Historical facts and Robert’s personal viewpoints are intertwined in this literary text. Traditional contradictions are primary sources in Roberts’s production but in this novel, as in her previous fictional texts, they complement each other. Some of the examples are Male-Female, Catholic-Protestant, Mother-Father, Active-Passive, Form-Content, History-Fiction, Outside-Inside, Community-Individuality, Conscious-Unconscious, and Form-Content. When Roberts narrates her relationship with Jim, her second husband, she acknowledges oppositions and the need to convey it into words, into language: “First of all the words were in the streets and then they moved into the house, into my diary” (116). I use the term protagonist because even though Roberts is reflecting upon her life 20 or 30 years ago, she is using story-telling, fiction, autobiography and history as techniques simultaneously in her fictional writing. Her past is reflective and predominant in her conscious writing: “I take my past with me. History matters” (337).

Dedicated to all the young ones, Roberts explores her dynamic and revolutionary past from her present by placing herself in different positions, not only spatially but professionally. She worked as a librarian, an editor, a teacher. Time and space construct her identity as she is presented as an explorer, as a flâneur: “Worry dissolved when I roamed London and forgot myself in exploring it” (74). This physical travelling around corresponds with the protagonist’s discovery of her persona. That is to say, Roberts puts into practice Charles Baudelaire’s theory and she herself participates, understands and portrays the facts that happened to London and to herself. The outer world is observed and developed at the same time that the inner world of the writer-protagonist is being explored. The flâneur has a double purpose of observing and participating: “I continued my solitary walks around London” (56). This attitude corresponds with her technique at the time of writing this novel where oppositions and dualities merge. Roberts not only observes but, as the young protagonist, is being observed by her mature and more conscious voice: “When I write, the outside comes inside, and then the inside goes back outside again” (336).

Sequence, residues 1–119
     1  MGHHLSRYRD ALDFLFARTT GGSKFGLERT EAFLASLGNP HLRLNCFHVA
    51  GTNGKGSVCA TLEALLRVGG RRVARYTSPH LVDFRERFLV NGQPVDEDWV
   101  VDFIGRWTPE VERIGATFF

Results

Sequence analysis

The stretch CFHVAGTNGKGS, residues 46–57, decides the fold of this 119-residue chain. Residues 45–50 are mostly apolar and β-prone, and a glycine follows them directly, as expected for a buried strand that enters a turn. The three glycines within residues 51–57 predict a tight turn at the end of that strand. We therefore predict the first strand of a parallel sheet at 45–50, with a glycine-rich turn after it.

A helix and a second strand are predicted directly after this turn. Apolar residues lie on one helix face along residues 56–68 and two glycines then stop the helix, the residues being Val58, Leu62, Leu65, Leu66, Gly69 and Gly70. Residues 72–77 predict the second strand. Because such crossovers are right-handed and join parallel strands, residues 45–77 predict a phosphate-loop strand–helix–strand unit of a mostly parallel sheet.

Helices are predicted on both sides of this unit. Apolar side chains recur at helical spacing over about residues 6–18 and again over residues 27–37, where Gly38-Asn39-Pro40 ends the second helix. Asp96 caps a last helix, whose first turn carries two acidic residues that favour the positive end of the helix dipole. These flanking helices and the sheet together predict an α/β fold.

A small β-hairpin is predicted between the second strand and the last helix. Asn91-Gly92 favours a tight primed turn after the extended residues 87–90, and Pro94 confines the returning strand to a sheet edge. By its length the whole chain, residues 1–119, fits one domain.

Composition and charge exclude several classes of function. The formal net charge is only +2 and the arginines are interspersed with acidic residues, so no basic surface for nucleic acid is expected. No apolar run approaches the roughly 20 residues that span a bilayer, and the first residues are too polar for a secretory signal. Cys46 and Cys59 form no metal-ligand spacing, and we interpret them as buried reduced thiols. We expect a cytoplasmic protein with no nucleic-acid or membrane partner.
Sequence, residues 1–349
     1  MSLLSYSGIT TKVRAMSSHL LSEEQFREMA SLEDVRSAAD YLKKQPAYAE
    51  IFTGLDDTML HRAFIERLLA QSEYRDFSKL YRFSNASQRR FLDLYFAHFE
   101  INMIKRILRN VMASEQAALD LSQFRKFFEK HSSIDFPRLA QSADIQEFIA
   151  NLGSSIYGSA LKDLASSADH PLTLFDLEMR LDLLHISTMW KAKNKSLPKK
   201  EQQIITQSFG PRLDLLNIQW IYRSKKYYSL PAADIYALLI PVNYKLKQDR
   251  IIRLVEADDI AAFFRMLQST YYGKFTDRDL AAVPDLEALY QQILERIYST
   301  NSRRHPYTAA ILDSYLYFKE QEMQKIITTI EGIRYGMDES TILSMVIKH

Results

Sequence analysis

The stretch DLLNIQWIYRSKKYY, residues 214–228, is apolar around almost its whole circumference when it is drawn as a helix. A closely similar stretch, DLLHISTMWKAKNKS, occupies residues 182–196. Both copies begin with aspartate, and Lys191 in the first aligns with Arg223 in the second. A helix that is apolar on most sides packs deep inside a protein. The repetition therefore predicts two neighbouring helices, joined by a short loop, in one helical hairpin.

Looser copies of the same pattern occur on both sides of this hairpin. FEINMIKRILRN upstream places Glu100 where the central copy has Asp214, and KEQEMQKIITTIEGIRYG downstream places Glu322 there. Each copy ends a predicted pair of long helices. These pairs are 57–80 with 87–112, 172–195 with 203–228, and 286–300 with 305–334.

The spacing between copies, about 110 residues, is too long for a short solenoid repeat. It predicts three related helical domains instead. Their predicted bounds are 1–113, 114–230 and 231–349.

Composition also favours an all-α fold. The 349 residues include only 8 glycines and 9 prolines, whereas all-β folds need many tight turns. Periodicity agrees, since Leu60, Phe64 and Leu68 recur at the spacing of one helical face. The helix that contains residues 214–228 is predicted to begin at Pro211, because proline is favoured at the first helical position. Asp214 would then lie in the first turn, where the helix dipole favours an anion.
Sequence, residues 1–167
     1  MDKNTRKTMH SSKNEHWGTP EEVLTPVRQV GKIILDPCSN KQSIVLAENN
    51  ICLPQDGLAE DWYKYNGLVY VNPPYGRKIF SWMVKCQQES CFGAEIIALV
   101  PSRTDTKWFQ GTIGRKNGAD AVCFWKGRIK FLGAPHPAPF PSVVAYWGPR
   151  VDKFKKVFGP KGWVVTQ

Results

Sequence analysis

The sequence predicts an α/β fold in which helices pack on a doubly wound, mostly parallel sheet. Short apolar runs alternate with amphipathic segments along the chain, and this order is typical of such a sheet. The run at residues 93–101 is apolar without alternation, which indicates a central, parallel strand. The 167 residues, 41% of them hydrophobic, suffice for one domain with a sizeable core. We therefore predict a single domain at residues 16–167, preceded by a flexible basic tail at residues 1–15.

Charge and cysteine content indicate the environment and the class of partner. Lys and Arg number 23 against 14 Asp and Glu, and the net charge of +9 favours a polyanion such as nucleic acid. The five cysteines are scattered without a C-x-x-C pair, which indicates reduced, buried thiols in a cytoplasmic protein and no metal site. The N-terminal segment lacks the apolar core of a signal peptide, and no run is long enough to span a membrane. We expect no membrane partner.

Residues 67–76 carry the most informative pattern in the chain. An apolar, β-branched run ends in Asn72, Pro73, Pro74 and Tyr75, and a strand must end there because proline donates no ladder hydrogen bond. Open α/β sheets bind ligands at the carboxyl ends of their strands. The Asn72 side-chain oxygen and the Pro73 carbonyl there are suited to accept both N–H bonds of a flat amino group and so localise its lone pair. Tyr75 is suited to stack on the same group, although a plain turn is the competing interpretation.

Paper Houses: a Memoir of the ‘70s and Beyond uses a feminist approach to convey a profound knowledge about women’s communities, particularly, from a conscious and reflective “I” voice. There is a sense of persistence and continuity at the time of writing and we sense the atmosphere during the creation of novels such as The Wild Girl, The Visitation, Daughters of the House or Impossible Saints, to name a few. Roberts even acknowledges the invention of experimental techniques that she originally used in Flesh and Blood and they form now part of her writing style (335). Paper Houses enforces the union of oppositions such as that between the sexes. Yet among all her novels, this one is about life, decisions and the construction of identity, the construction of her own paper house, of her own writing. As Hélène Cixous, Michèle Roberts defends the idea of writing one self in the text. Body and form dance together in her vision of writing. Paper Houses is about living and building your results, your luck. It is a must especially for students and scholars interested in women’s writing, creative and experimental writing, feminism, sexuality, Catholicism, history and fiction.

Soraya García-Sánchez
The University of Queensland, Australia.